Everyone wants to have a lean midsection, but the majority of people will never have one. It’s not your genetics that are to blame. Nearly everyone has the potential to have visible abs. To understand why, a little common sense is all you need. Every human has abdominal muscles, and then a layer of fat over them. The key to getting six pack abs is to remove that layer of fat that’s covering up those muscles. So how do you do this?
The Key to Finally Seeing Your Abs
I would estimate that 80% of the equation for seeing your abs is diet. The other 20% is exercise. Unfortunately, most people have this backwards, and rely on exercise to get their abs to come in. The common thought is that if you do enough sit-ups or crunches, your abs will start to show through. Targeting fat loss is a myth.
Real body transformations come through diet manipulation. You can work out until you’re blue in the face, but as long as you have that layer of fat covering your muscles, you will always just look bulky and smooth. The good news? It’s much easier to lose fat than it is to build muscle. I should add one caveat to that – physically it’s much easier to lose fat than to build muscle. Psychologically it’s a whole different story.
However, if you’re willing to give yourself 16-20 weeks, nearly anyone can bring their body fat levels down enough to either start bringing in their abs, or really start defining them (depending on your starting body fat percentage).
Six Pack Abs Diet
If you want abs, your nutrition is going to be key. You are going to need to provide an optimal fat-burning environment so that fatty acids have a chance to be released. How do you do this? You place a strong emphasis on keeping insulin levels low.
There are several ways to do this. One way is to eat plenty of low-glycemic foods. Low-glycemic foods cause a slower release of glucose which results in favorable insulin levels for releasing body fat. You cannot release body fat when insulin (a storage hormone) is high. If you want those six pack abs, you need to take control of this powerful hormone, and learn to harness its positive muscle building qualities, while minimizing its fat storage capabilities.
How else can we bring out our abs through our diet? Again, let’s focus on controlling insulin levels. Besides eating low-glycemic carbohydrates, you can also keep insulin levels low by minimizing your intake of carbohydrates.
While eliminating them or keeping them very low will keep insulin levels low, I do not recommend such low levels. Carbohydrates (glucose) are an important fuel source for the brain and high-intensity exercise, and they are also needed for the complete metabolism of fatty acids.
To sum up the nutritional guidelines, there is no cookie cutter approach – only principles you should follow.
- Eat around .8-1 gram of protein per pound of lean body weight.
- Eat enough carbohydrates to fuel your workouts, but no more.
- Eat low-glycemic carbohydrates to keep insulin levels low to provide an optimal environment to release fatty acids.
- Get in enough essential fatty acids (EFAs). Read why they are so important and find out which food sources have them.
- Make sure you are getting enough vitamins and minerals to support optimal body function.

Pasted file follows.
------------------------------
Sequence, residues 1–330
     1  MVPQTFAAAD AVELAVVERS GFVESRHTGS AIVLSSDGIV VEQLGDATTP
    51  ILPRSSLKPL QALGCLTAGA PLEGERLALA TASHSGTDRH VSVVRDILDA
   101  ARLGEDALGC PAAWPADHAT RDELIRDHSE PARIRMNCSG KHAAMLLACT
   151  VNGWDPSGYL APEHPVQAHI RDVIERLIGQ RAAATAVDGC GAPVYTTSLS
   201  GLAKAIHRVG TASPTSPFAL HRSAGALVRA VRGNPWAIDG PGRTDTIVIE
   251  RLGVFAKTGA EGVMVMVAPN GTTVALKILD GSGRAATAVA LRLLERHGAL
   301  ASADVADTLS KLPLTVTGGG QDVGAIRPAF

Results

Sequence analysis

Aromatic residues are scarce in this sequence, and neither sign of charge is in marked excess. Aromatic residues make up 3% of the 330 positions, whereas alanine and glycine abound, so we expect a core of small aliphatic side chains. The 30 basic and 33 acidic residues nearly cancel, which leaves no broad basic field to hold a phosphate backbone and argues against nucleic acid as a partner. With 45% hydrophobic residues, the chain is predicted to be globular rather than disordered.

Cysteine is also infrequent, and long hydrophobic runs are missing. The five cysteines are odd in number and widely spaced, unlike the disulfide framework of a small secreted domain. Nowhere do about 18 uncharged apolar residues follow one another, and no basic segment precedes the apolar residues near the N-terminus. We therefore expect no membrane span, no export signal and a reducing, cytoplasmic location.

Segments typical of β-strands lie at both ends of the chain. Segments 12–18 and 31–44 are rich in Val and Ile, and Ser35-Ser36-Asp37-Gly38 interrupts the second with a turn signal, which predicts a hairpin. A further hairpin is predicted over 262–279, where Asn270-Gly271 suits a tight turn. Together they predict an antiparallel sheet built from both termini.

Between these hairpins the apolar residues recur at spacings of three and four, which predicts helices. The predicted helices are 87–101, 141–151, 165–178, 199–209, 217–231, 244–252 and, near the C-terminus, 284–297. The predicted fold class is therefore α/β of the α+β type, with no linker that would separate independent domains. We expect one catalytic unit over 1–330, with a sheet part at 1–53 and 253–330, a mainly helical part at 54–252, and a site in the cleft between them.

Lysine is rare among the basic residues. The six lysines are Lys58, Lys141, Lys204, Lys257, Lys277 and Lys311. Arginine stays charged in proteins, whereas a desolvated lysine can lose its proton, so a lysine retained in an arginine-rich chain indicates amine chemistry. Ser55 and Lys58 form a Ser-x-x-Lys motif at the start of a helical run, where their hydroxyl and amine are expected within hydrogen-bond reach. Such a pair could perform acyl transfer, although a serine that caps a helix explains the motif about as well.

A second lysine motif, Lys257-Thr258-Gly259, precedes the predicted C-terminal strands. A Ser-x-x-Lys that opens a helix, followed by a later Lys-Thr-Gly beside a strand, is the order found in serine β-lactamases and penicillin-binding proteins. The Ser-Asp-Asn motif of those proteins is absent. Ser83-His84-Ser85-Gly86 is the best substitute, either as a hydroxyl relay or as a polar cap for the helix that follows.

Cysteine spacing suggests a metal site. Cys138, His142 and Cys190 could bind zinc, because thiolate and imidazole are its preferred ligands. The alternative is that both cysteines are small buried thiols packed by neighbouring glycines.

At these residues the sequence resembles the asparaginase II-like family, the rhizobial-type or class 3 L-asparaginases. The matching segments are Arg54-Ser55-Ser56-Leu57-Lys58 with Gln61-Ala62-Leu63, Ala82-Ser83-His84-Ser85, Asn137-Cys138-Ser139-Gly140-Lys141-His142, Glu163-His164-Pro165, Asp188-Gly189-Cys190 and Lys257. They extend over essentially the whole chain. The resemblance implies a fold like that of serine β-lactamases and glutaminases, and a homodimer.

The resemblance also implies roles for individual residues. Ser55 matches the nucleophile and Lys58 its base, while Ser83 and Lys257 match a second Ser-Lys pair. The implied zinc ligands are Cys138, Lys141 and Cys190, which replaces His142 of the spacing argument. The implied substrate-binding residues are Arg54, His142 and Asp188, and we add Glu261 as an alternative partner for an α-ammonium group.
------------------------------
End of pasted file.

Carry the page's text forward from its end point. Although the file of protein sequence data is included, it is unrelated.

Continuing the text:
- Eat enough calories so that your body won’t think it’s starving, but low enough to stimulate fat loss.
These guidelines will work for everyone as long as they stay consistent. Consistency through diet is the key to getting six pack abs. However, also understand that everyone holds their fat differently.
Six Pack Abs Workout
Once you start getting your body fat percent levels down into the low teens and single digits, you’re going to see your abs. Now is the time you’re going to notice the greatest benefits to doing abdominal workouts. Start working out those abs too soon before you lose enough body fat, and you will actually notice your midsection is getting bigger. This happens because your abs are growing, but your body fat is staying the same – resulting in a larger waistline. Let me also say that this really is not a big deal.
This is not to say you shouldn’t do any core workouts. However, exercises that isolate the abs really aren’t needed until you get down into low body fat percentage levels. It’s at this time that you can start doing those sit-ups, and they will really begin to bring out the definition.
Just because you aren’t doing direct ab workouts, doesn’t mean your abdominals aren’t getting any exercise. If you are working out like you should be and using big compound movements, your abs get a great workout by playing a vital role in stabilizing the core.
When you are doing squats, it takes a large amount of core strength to stabilize the body while you have a bar with weights sitting on your back. Make sure you are doing the 3 big compound movements – bench press, squats, and deadlifts, and/or combinations thereof.
Now don’t get me wrong, you can certainly do targeted ab work anytime you want, and it can only benefit you. My point is that those little isolation exercises will get you better visual results if used at a lower body fat. Focus your efforts on your diet and continue strength training, and your abs will start to show.
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